It’s been 20 days since the start of the government mandated enhanced community quarantine (ECQ). To my surprise, I have somehow managed to survive the daily battles of being locked down in our house. Thankfully, the enforced isolation has forced me how to make the most of the idle time afforded by the pandemic, COVID19. Some insights have come to the fore, namely:
- Love life. Instead of dreading the lockdown, embrace it. Avoid the temptation of complaining to yourself, which would lead to dreading each day that comes. The whole of humanity is besieged in an epic war where the enemy is unseen by human eyes. Indeed, the virus has wreaked havoc across the globe, causing worldwide hysteria and fear. This great pandemic will go down in history as probably the worst ever on account of the wide swath of its contagion.
- Sit back, relax and savor the precious abundance of time brought about by ECQ. After all, this is a once-in-a-lifetime sabbatical opportunity.
- A modern day saint, St. Josemaría Escriva, said, whilst in hiding in a consulate for a prolonged period of six months in a small room during the Spanish civil war of 1936, he would program his daily agenda on how to grow in the inside. Simply put, it would be good to structure a daily plan that would foster a holistic approach in developing the spiritual, intellectual and physical health needs of the individual.
- Thanks to the wonders of technology, all of us have access to any kind of resources that one would wish to tap. Because of the lockdown, there’s a deluge of online masses, watch parties on the holy rosary, free operas and ballets from the world famous institutes, etc.. Social networks have never been so busy as now that people are trying to keep in contact with family and friends through vibre, what’s app, facebook, zoom, etc..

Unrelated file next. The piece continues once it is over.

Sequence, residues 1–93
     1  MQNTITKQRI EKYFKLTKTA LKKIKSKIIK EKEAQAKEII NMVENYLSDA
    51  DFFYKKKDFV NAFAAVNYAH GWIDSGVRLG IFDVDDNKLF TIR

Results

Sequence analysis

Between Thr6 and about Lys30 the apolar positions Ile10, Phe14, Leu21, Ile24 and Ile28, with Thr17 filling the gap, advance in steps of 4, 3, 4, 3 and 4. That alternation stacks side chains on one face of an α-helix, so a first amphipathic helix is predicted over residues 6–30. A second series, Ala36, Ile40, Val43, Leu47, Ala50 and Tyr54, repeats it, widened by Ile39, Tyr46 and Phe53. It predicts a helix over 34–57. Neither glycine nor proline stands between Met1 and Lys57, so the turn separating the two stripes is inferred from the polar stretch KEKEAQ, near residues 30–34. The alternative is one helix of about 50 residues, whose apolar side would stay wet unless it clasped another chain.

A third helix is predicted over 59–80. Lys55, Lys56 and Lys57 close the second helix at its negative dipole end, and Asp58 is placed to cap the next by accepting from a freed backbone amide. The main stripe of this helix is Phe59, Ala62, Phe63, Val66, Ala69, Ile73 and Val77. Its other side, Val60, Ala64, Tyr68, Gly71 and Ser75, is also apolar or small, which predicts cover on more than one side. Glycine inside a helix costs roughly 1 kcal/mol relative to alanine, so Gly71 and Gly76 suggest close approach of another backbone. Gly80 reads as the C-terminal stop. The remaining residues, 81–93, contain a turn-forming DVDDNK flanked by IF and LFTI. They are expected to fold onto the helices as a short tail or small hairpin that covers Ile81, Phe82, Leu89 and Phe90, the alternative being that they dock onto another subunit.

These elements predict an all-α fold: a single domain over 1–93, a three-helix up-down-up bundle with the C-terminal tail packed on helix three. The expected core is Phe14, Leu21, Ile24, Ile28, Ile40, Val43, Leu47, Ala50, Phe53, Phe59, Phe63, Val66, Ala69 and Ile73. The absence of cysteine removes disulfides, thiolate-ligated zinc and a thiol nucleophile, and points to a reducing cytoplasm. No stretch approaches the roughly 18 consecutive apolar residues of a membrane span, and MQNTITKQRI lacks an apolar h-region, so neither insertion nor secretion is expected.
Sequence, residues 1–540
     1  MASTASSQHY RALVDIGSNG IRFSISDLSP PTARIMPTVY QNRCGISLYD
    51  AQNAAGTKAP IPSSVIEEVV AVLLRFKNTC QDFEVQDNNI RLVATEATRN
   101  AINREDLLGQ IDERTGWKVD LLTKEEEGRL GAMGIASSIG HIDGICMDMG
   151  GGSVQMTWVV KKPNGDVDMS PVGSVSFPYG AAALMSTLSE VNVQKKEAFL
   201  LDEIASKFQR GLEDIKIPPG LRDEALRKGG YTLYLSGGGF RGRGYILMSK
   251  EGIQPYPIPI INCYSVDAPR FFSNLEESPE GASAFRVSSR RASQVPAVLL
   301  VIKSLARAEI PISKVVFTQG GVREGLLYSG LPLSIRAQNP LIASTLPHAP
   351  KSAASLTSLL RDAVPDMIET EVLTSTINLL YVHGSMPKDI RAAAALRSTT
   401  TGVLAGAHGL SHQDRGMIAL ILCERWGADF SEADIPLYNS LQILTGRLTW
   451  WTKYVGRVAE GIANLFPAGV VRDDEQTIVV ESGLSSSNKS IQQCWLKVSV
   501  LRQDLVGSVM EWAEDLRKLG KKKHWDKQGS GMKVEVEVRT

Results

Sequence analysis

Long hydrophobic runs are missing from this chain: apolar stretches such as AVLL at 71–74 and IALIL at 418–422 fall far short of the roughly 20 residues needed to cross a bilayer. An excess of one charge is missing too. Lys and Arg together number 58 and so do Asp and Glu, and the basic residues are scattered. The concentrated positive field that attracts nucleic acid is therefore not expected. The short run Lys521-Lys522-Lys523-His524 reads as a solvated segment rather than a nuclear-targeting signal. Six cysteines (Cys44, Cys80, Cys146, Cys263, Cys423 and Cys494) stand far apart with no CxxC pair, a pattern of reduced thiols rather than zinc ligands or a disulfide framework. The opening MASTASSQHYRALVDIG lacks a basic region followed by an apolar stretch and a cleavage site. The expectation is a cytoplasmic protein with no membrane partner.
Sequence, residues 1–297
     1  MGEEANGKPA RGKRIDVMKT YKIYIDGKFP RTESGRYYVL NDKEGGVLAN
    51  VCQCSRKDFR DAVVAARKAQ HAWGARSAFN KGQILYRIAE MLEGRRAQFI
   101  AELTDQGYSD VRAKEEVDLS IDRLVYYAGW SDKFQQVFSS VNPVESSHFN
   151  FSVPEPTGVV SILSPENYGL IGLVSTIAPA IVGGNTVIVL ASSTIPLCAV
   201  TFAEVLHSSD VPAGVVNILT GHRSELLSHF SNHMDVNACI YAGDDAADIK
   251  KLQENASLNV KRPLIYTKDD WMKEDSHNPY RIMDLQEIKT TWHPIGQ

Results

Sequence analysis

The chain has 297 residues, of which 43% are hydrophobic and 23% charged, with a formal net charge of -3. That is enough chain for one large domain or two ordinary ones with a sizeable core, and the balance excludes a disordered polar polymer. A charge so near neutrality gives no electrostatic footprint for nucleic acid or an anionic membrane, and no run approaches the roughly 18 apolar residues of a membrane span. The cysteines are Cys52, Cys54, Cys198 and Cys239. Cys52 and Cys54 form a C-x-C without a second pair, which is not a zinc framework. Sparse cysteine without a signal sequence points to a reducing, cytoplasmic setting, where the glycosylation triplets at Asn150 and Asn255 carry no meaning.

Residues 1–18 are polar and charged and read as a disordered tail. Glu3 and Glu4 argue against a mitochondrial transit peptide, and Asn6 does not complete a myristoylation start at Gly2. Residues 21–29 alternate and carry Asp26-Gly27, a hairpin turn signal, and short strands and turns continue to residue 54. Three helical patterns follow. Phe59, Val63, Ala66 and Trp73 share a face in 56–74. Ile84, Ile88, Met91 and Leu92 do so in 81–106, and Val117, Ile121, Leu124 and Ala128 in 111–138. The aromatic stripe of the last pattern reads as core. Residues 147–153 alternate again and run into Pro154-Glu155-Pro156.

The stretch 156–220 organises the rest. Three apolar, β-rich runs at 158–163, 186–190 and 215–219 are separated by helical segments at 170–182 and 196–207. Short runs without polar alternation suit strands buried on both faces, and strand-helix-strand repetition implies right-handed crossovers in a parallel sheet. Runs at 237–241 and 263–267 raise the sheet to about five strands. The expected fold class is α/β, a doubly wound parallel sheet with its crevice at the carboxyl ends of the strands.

As the days move on, people discover little by little some nuggets of beauty amidst the darkness of the pandemic. Medical frontliners are now being honored as the heroes. Likewise, the ordinary workers, who were heretofore ignored or taken for granted by society, are now much appreciated by the quarantined community. To this day, these are the small victories that fill my waking hours with joy and optimism.
With the Holy Week approaching this Sunday, I am given consolation by the passage:
“Peace I leave with you; my peace I give to you. Not as the world gives do I give it to you. Do not let your hearts be troubled or afraid.“John 14:27